Copy Oracle performance reports to SharePoint using Python

I have a couple of Oracle performance reports that I upload from my work Windows 7 laptop to our corporate SharePoint site on Office 365 on a regular basis. I thought that it would save me time to automate the uploading of these reports using Python. This post describes the continuing saga of my attempts to build a working Python script just to upload a file to SharePoint. I have a script that works for me today but there are no guarantees it will work in the future. Still, it might be helpful to other Oracle DBAs and others so I thought it was worth documenting.

The first Python script that I wrote that really helped me in my job was the script within PythonDBAGraphs. I run this report just about every day at work to monitor the CPU usage on an important database. After I review the report which is an image of a graph I manually copy the report to SharePoint in a certain folder. It doesn’t take long to find the bookmark for the SharePoint folder and to copy the files over. But, what if I could just click on an icon and the files would be copied to SharePoint automatically?

Back in 2015 I wanted to start saving some historical Oracle performance data that went back further than the 6 weeks of AWR history that we keep on our Oracle databases. Ideally we would setup some sort of AWR data warehouse that we could mine for useful information based on data from the past. But setting up an AWR data warehouse would require money and approvals and time. Instead I built a simple script to get monthly AWR reports for all of our production databases. If the database had been up for the entire month it would get a report for that month, otherwise it would report on a subset of the month. I forget how I chose the subset. I think I picked the longest number of days. Anyway, the script tars and gzips the html AWR files for all of the databases into a single .tar.gz file. So, each month I use ftp to copy the .tar.gz file down to my laptop. Then I extract all of the html files and zip them up. Then I copy the zip to Sharepoint. So, in this case I wanted a Python script that would do the ftp, ungzip and untar, zip, and copy the zip to Sharepoint. It is only once a month but it would be nice to just click the button and have it done.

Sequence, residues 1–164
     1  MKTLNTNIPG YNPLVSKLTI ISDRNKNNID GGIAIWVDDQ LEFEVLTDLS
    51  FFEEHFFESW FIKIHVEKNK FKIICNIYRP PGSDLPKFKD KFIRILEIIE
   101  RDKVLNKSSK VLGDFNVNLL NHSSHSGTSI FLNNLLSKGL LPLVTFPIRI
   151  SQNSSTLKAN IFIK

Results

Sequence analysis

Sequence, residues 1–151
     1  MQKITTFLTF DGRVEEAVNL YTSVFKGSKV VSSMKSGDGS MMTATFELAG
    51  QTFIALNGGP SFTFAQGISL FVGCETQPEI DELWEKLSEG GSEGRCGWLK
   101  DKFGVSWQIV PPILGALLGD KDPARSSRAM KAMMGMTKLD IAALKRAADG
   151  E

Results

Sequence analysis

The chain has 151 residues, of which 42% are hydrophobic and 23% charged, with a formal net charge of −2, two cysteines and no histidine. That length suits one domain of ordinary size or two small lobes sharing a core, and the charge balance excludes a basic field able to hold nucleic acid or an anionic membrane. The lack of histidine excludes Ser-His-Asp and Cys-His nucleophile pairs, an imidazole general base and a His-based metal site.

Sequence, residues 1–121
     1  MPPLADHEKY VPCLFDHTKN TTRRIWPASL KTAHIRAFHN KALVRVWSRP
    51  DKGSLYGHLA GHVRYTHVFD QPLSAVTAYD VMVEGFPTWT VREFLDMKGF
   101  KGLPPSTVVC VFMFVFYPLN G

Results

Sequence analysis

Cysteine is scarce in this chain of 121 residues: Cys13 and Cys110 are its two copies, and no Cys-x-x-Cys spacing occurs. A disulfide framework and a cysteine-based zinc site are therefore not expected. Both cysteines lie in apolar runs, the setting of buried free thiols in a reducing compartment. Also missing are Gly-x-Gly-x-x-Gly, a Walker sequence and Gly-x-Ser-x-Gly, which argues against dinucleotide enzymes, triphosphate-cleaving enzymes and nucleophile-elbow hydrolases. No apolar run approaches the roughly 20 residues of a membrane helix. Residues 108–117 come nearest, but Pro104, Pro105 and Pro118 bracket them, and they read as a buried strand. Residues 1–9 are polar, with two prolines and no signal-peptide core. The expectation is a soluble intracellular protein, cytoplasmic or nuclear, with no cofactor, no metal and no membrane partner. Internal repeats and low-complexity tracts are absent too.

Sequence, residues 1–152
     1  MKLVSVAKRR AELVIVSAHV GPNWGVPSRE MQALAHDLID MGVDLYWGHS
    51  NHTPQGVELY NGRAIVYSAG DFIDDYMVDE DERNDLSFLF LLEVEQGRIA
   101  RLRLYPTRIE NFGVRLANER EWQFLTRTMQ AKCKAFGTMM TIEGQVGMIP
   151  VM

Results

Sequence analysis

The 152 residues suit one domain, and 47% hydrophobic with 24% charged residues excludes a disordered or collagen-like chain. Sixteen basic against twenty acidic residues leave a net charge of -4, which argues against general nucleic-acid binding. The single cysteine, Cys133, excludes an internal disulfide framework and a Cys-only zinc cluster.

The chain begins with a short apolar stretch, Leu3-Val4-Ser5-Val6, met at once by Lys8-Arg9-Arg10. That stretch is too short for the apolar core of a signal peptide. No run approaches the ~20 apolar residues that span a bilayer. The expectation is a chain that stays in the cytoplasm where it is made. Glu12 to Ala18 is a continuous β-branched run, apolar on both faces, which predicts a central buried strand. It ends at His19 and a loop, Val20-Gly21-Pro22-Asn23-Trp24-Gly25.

The script to upload the images is pretty simple. All it does is look for .png image files in the right directory and with the right pattern and upload them and then delete them from the source directory.

The script that uploads the zip files with AWR reports is a little more complicated because it does the ftp, tar, gunzip, zip, and copies to SharePoint.

But things like untaring and zipping the files are easy in Python:

The hard part was getting the file to SharePoint.

I had a fully working script that I was using to upload both of these types of reports, images and awr zips, to SharePoint. It probably worked for a week at most. Here is the code on GitHub that no longer works: url

I tried to find out why this script stopped working by asking on Stack Overflow and opening an issue on the GitHub site for the package that my script depended on. But I didn’t get an immediate answer so I moved on to create the copyfiletosharepoint script. It wasn’t easy getting copyfiletosharepoint to work. It is based on Microsoft Graph which seems to be Microsoft’s preferred way to interact with SharePoint on Office 365 through Python. Anyway, as of today 7/27/2018 it works for the two reports that I want to upload. Hopefully it will keep working for longer than my first script!

It has been quite the saga and has taken much longer than I expected. But hopefully the scripts that I have built will make me more productive by automating some of the mindless tasks that I do on a regular basis.


About Bobby

I live in Chandler, Arizona with my wife and three daughters. I work for US Foods, the second largest food distribution company in the United States. I have worked in the Information Technology field since 1989. I have a passion for Oracle database performance tuning because I enjoy challenging technical problems that require an understanding of computer science. I enjoy communicating with people about my work.
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